Friday, May 13, 2011

At the used bookstore, I picked up Madeleine L'Engle's A Wrinkle In Time, which I remember liking as a kid, and the nice old lady there said, "When you read it as an adult, it's so much better."

Mmmmm, well, no, that was not my experience.

The main character, Meg, is a good YA heroine. She gets picked on for being smart. She acts out. She's impatient. I can dig it. I spent most of junior high not living up to my potential.

But she never gets to do anything with that personality. In fact, she barely gets to do anything at all. The real hero is her telepathic savant five year old brother, Charles Wallace, and possibly a guy from her school, Calvin, who she essentially bumps into. Charles Wallace has been in touch with three supernatural entities, who know where her missing father is.

And when the entities whisk Charles Wallace off, she's along for the ride. I don't think she makes a single decision other than "hold on!" until 80% through the story, when she decides to risk her life to save her kid brother.

Which, granted, is pretty important. But pretty late, too. You couldn't write a YA novel like that these days. Your publisher would say, "But your heroine is passive!"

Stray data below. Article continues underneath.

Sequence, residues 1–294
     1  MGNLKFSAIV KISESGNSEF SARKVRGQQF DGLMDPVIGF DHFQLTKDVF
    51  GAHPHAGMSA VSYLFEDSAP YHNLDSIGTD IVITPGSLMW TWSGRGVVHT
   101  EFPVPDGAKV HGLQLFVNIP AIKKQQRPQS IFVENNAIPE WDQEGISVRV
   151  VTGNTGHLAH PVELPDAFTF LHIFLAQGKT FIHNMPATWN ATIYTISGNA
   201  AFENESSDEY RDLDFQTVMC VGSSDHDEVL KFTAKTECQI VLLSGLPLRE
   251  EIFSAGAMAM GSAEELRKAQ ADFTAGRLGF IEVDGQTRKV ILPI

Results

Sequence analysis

I guess there weren't a lot of kickass young female heroines in 1962. The book won the Newbery Award and a slew of others.

I'd like to say, "And yet it has something." But it disappointed me. It has a typical 1962-ish equation of evil with conformity. (After I grew up, I discovered that the 1960's lied to us about conformity. It's sort of important.) It has a Big Bad that amounts to a Big Black Cloud.

I sort of felt that it was the kind of science fantasy that someone writes when they don't actually like speculative fiction. I'm told Madeleine L'Engle's favorite book is Anna Karenina. Beware of speculative fiction authors whose favorite books aren't spec fiction. Personally, much as I enjoyed War and Peace, my favorite books -- the ones I would most like to read again for the first time, if I could, and the ones I reread when I can -- are all spec fiction, by Neil Gaiman and Neal Stephenson.

What books have you read that didn't hold up?



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